UNEMPLOYMENT, PICKY WORKERS AND LABOR SHORTAGES IN CHINA

UNEMPLOYMENT AND UNEMPLOYMENT STATISTICS IN CHINA

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Looking for work in Guangdong
The unemployment rate in China was 4.9 percent in February 2010. The figure is of debatable validity. “Reliable unemployment statistics are hard to come by,” Edward Wong wrote in the New York Times. “The official registered urban unemployment rate for the end of 2008 was 4.2 percent, up from 4 percent in 2007; it was the first time the official rate had risen after five consecutive years of decline.” [Source: Edward Wong, New York Times, January 24, 2009]

In the 1990s unemployment was problem and still is undeveloped areas. China's official unemployment rate in the 1990s was between two and three percent, a statistic considered ridiculously understated. The real unemployment figure may have been as high as 12 percent. By one estimate there were 15 million unemployed people in the cities and perhaps 10 times number in the countryside. At one point China may have had as many unemployed former industrial workers as the rest of the world combined.

Today the government reports an unemployment figure of around 4 percent but the true figure is believed to be much higher than that. An estimated 30 million workers lost jobs from 1996 to 2004 as a result of government restructuring of state-owned companies, causing widespread protest and contributing to masses of migrant workers. In recent years many factories have laid off workers as they have retooled for higher-value products and dropped production as a result of the economic slump of the late 2000s. In urban areas the labor markets exceed the number of new jobs created by 20 percent.

Economic growth has not necessarily translated to job growth. While economic growth has been close to 10 percent, employment growth has averaged 1 percent to 3 percent in the 1990s, China needs to create 24 million jobs a year to absorb newcomers to the work force. In years the number of people laid off from inefficient state-owned companies has outpaced the number of getting new jobs as a result economic growth.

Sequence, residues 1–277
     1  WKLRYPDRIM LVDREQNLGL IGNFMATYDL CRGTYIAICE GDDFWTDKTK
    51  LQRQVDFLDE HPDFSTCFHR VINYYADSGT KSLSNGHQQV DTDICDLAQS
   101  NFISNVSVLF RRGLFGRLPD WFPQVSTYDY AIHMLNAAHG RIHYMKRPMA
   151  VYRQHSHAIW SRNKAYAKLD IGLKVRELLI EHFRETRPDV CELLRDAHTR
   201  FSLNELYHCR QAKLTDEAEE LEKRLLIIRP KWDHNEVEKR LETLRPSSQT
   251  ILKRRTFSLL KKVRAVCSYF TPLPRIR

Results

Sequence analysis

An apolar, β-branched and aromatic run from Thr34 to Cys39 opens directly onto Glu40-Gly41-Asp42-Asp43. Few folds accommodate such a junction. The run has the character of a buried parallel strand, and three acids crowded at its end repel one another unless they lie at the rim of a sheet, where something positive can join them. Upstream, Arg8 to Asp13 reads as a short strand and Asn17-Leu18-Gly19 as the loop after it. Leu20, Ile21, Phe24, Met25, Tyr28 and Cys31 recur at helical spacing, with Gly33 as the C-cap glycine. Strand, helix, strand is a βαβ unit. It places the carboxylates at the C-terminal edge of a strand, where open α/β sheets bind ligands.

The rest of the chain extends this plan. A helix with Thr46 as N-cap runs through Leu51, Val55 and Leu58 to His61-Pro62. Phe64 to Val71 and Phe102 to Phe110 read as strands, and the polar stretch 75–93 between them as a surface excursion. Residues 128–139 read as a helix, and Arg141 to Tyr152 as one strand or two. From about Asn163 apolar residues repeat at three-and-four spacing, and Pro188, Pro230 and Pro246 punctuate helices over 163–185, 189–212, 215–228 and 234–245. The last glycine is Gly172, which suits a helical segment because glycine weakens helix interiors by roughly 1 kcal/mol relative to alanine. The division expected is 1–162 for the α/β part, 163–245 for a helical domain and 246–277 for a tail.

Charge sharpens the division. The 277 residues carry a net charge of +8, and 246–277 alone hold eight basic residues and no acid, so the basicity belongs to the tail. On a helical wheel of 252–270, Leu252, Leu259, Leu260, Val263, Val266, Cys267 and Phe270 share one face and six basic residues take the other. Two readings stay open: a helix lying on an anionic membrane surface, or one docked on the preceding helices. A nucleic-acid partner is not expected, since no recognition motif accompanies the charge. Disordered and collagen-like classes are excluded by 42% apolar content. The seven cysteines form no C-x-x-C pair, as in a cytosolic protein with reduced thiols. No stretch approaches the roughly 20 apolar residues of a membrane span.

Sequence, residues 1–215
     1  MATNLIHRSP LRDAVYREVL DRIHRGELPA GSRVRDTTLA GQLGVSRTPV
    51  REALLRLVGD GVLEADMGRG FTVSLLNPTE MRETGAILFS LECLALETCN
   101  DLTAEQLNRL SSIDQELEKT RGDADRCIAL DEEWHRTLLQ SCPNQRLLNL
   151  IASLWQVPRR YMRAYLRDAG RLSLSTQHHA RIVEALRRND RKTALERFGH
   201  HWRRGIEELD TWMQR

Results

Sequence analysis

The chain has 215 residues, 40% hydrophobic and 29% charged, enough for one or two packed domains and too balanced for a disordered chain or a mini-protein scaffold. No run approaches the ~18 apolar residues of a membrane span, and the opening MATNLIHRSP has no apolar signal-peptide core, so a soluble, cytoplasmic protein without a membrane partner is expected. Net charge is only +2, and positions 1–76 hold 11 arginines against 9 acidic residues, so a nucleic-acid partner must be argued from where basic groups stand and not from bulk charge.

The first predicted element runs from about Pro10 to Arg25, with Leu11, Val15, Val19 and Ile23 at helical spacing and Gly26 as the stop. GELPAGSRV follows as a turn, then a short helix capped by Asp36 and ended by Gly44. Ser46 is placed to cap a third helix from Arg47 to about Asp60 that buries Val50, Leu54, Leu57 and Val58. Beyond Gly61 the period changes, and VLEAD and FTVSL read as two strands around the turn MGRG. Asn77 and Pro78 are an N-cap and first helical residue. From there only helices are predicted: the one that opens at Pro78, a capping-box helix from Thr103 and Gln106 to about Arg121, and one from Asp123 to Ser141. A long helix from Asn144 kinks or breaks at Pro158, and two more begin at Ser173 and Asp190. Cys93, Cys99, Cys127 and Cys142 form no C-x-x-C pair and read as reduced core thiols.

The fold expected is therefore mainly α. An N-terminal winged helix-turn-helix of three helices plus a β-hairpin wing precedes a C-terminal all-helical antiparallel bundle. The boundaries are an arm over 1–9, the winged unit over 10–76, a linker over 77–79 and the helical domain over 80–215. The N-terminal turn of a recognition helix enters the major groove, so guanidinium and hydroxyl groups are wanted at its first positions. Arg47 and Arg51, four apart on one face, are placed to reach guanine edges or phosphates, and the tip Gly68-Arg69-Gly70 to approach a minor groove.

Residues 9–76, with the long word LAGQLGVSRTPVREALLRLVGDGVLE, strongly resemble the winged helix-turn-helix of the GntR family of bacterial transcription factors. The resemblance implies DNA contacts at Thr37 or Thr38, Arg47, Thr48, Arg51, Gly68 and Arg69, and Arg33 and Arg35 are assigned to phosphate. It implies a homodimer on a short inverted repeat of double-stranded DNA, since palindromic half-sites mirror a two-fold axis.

“The figure looks all right, but the real situation could be much more serious, as migrant workers and newly graduated college students were not included in the government count, Tang Min, deputy secretary of the China Development Research Foundation, told Xinhua.”

“The Chinese Academy of Social Sciences, a respected research organization, did a study last year that put the urban unemployment rate at 9.4 percent. That number included migrant workers in the cities. The group did not do any studies with the same methodology for previous years, so there are no comparative numbers.”

Laid Off Workers in China

About 59 million people---more than the entire population of South Korea---were laid off in China between 1995 and 2005 during a process of restructuring and closing down inefficient state enterprises and state farms. The number of jobs at stare-owned factories dropped from 110 million in 1995 to 62 million in 2005.

Many workers were laid off from state-owned factories in the 1990s and early 2000s. Over 10 million workers laid off in 1997. Over 13 million workers were laid off in 1998 and 8 million were laid off in 1999. Some were given "squid fried" (pink slip). Particularly hard hit were workers in the northwest industrial cities like Harbin and Shenyang, where factories laid off 20 percent of their workers.

"Forced internal retirement" is one way state-owned businesses quickly trim their staff and become competitive. Although the central government has specific policies on when and how "internal retirement" can happen, because of the lack of a functioning trade union, "internal retirement" has become an easy way for companies to depress salary and arbitrarily fire workers. After being forced into retirement, one Chinese worker tried to organize coworkers who were also forced to retire to try to present their case to government agencies and seek redress. For two years their case went nowhere.

Many laid-off factory workers find that when they lose their jobs they have no pensions, severance pay or income. Lucky ones might get a $61 a month pension. Some received bonuses. Other nothing. Those that feel cheated had little recourse. One couple in Shenyang laid off from an electric company when they were in their 50s were denied their benefits but required to keep making pension payments until they were 60. They petitioned the government and took their case all the way to the Chinese President. For their trouble they were thrown in jail.